Home Business MAN group decries sugar ‘lynching’ campaign, urges FG to consider economic realities 

MAN group decries sugar ‘lynching’ campaign, urges FG to consider economic realities 

11 min read

Barely two weeks after the sectoral group of the Manufacturers Association of Nigeria (MAN) raised an alarm over a proposed additional 20 percent Ad-Valorem Excise Tax on the Carbonated Soft Drinks (CSD) segment, the group has decried the emotional campaign to string up the sugar angle to the issue. The group has been using the sugar angle to rationalise an economic virus that may become a pandemic on the non-alcoholic beverage industry.

This is believed to be in reaction to the multidimensional pressure unleashed on the Federal Government by the sectoral group and concerned stakeholders over the last couple of weeks.

A coalition, the National Action on Sugar Reduction, recently staged what it termed a peaceful display in Abuja urging the government to increase taxes on sugary drinks and invest the revenue into public health.

The group argued that ‘soft drink taxes are a ‘‘win’’ for Nigerians, adding that consumption of sugary drinks is known to be a risk factor for diseases like type 2 diabetes, heart diseases, stroke and cancers.

But in a swift reaction to the coalition’s campaign, the sectoral group have stated that the ongoing campaign to lynch sugar and use it as a poster boy or silver bullet to solve Nigeria’s healthcare problems is misleading. According to the group: ‘’Citizens’ health is a significant responsibility of all governments, and any action to protect citizens’ health is desirable and should be supported. But the false attribution of sugar-related ailments to a single cause or product is wrong”.

CSD sectoral group further stated that the opposing group used data that do not support their argument for the increases in taxes on sweetened beverages.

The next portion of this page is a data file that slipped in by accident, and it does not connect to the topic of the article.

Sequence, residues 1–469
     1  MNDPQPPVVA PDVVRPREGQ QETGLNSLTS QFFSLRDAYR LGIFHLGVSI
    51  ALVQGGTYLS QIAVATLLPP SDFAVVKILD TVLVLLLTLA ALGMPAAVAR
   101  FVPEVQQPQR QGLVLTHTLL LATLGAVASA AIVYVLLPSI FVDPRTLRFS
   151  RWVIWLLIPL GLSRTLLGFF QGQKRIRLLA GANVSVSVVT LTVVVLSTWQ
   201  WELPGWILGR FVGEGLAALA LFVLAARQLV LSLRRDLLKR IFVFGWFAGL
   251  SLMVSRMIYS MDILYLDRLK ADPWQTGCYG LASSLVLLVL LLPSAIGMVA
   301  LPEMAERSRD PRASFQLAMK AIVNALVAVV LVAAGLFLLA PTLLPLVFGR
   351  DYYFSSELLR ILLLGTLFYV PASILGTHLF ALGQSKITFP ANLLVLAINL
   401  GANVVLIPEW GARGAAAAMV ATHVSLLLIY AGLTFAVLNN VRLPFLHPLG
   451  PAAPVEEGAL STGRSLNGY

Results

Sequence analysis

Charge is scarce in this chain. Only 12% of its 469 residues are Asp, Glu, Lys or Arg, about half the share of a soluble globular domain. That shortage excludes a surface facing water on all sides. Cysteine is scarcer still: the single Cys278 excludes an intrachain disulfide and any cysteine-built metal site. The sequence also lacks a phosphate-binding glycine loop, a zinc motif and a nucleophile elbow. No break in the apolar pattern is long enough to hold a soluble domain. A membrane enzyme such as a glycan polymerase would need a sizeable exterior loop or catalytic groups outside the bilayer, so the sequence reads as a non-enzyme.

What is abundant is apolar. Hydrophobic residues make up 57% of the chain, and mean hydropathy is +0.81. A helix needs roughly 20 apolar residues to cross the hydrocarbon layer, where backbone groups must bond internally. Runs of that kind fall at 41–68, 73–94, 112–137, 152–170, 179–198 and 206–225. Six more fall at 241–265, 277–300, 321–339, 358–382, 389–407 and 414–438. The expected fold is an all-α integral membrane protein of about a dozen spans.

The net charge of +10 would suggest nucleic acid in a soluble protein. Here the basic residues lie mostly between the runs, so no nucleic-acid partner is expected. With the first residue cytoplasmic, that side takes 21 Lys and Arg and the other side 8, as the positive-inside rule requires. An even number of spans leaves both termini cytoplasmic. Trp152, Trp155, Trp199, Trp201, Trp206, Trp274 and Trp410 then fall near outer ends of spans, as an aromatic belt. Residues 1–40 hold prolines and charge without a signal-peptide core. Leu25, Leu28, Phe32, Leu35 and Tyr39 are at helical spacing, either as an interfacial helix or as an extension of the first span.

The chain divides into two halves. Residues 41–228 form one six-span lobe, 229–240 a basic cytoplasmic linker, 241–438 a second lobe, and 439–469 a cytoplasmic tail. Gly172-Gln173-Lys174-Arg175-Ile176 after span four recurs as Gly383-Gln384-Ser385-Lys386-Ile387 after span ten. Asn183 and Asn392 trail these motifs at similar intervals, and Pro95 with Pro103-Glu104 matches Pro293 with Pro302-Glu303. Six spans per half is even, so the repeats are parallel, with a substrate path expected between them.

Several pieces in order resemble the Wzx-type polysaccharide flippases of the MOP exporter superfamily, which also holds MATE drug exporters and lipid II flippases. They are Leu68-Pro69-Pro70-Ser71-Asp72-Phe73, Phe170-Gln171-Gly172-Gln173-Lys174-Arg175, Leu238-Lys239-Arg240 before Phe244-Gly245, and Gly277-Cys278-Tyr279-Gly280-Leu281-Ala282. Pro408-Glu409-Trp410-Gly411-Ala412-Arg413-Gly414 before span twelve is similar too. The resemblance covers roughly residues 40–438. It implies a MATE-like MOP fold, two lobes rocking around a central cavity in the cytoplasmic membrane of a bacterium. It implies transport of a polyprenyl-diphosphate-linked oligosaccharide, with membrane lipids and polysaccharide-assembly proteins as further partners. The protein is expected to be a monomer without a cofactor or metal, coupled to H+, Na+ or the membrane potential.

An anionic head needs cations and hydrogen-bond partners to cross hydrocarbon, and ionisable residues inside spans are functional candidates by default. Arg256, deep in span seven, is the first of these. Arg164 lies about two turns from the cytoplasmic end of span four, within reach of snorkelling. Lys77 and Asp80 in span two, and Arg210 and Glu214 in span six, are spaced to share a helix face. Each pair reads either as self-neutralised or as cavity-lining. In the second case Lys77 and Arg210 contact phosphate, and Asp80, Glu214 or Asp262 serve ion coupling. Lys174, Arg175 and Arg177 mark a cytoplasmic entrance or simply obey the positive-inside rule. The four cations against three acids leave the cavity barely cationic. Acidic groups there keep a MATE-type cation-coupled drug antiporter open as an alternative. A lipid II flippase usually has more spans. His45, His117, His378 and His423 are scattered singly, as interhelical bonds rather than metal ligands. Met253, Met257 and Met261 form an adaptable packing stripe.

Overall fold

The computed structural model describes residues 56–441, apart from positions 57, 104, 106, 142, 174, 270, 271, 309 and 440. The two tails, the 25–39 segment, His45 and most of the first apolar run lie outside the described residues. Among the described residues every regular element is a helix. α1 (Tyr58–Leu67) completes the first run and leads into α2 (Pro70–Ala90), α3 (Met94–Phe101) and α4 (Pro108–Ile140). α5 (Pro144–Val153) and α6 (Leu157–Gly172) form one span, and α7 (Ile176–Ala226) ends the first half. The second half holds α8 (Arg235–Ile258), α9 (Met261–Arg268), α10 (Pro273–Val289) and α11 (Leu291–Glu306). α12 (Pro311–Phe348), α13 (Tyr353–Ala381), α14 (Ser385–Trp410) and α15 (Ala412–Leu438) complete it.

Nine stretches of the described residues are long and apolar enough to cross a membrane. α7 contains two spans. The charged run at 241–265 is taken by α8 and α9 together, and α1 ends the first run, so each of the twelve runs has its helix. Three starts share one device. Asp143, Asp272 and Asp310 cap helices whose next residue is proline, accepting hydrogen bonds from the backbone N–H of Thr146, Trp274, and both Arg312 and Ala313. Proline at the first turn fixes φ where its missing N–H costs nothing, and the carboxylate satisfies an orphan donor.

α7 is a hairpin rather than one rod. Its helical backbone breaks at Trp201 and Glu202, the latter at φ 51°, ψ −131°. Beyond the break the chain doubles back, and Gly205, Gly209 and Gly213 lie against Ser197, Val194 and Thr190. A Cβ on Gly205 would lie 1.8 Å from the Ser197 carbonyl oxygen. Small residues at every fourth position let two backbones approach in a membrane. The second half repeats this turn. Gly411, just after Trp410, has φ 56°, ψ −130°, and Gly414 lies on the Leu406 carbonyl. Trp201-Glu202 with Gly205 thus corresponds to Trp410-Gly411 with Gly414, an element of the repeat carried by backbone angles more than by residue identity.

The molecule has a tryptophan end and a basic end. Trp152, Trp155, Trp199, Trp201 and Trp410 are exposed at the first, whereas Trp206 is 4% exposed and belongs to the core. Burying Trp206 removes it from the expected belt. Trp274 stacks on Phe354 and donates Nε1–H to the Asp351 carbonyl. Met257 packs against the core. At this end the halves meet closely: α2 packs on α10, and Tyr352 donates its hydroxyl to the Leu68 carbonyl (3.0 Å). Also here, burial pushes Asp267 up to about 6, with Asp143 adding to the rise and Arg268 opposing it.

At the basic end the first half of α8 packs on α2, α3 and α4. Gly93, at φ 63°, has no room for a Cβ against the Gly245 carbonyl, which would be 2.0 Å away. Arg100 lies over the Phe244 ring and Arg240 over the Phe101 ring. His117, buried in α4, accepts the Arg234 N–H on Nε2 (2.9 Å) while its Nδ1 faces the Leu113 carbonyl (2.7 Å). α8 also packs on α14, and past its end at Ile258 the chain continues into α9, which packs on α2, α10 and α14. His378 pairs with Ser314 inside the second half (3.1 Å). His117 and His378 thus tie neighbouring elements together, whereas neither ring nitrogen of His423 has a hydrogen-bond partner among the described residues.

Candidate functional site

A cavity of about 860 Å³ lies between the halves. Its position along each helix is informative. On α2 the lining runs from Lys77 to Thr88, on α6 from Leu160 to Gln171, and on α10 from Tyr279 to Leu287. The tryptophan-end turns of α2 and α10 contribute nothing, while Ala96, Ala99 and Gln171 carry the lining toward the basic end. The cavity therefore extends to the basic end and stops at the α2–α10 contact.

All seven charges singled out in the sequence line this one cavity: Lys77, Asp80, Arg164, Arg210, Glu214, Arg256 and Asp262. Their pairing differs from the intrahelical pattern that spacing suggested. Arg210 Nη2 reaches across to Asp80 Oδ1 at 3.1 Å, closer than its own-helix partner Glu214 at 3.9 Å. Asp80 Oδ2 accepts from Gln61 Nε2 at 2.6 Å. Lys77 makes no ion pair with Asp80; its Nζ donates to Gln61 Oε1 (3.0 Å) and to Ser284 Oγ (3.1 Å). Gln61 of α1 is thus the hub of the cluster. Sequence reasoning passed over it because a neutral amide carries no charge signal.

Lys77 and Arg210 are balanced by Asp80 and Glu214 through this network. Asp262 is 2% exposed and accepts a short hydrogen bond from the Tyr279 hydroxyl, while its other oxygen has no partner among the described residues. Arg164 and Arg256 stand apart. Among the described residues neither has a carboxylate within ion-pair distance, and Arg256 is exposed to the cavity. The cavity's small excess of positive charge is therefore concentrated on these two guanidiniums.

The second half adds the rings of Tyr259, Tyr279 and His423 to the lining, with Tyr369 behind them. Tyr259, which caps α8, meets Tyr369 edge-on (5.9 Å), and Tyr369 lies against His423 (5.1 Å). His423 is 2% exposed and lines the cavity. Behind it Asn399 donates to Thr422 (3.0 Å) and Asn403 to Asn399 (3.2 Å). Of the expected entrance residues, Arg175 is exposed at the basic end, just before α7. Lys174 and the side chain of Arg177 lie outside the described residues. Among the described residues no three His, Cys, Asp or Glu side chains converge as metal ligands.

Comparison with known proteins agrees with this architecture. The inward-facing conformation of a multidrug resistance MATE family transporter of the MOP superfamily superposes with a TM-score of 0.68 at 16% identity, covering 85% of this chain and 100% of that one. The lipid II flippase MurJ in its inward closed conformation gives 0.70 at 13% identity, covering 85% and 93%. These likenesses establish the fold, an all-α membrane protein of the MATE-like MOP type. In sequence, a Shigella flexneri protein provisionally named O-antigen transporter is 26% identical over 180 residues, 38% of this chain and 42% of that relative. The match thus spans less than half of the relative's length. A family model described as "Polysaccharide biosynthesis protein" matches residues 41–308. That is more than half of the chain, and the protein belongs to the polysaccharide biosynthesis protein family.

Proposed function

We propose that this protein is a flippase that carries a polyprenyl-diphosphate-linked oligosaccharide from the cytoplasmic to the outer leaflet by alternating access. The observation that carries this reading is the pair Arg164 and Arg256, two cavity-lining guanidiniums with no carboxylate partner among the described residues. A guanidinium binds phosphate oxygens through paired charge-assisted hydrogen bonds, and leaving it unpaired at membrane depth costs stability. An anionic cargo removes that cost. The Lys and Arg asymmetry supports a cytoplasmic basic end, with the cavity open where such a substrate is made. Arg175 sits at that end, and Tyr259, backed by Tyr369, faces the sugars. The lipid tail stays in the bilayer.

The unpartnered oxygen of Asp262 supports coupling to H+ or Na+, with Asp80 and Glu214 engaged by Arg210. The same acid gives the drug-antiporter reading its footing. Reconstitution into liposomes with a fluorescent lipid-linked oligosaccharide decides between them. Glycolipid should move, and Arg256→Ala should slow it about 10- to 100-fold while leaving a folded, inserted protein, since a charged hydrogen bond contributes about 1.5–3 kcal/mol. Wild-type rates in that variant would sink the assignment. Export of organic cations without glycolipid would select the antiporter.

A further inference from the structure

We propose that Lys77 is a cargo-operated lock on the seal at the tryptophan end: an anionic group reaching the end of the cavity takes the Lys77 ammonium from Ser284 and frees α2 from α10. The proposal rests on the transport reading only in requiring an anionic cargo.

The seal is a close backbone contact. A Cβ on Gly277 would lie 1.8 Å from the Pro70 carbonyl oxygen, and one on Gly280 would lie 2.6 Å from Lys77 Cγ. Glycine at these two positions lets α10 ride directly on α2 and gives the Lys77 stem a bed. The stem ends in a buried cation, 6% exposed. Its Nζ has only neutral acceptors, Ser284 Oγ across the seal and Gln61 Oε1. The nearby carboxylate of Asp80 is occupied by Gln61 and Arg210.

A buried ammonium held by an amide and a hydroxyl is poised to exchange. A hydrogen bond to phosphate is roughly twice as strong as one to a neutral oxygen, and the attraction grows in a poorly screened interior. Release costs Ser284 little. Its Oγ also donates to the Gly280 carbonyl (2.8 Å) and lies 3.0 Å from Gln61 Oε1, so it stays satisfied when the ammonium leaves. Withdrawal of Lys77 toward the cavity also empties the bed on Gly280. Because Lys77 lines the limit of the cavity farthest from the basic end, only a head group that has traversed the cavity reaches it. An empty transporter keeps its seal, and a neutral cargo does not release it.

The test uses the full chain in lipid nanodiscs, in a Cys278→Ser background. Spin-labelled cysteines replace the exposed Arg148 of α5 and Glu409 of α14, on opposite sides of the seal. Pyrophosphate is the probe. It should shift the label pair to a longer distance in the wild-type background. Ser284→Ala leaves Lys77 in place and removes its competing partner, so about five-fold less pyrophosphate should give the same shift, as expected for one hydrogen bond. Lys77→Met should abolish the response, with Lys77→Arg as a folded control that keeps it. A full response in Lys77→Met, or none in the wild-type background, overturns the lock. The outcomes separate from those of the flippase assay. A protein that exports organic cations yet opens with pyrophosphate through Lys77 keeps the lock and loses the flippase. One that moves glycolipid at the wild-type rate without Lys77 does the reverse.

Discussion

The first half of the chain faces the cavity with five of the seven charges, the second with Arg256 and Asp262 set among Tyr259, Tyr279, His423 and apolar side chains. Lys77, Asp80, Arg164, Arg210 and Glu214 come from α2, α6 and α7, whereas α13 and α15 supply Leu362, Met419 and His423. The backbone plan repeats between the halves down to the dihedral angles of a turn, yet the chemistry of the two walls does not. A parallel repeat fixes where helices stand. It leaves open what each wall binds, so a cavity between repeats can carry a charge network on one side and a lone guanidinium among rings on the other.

‘’Firstly, the group agrees that 70 percent of citizens’ medical bills in the country are private expenses and do not involve the government. The call for the government to raise taxes to cover these private expenses is perplexing and inconsistent with best global tax practices that place the burden or incidence of tax on a product to cover the cost to the government of treatment of patients that consume the product”, it argued.’’

Corroborating this position, an economic analyst, Mr Teslim Shitta-Bey argued that the advocates of the so-called sugar tax have argued that, in 2007 Nigerians consumed 9ml per person, and in 2021, they consumed 14ml per person, representing a compound annual growth rate of 3.46 percent, which is only slightly higher than the national population growth rate over the period. Nigerians consume 8kg of sugar per person per annum, which is below the prescribed World Health Organisation’s 9.1kg per person and significantly lower than the United Kingdom’s 30kg or the United State of America’s 46kg per person.

Shitta-Bay also raised greater health concerns about the sugar tax. “Yes, health issue can be connected to economic development. But in this case, there is no justification to use health to rationalise simply because the CSD sector has not violated the regulations”, he said.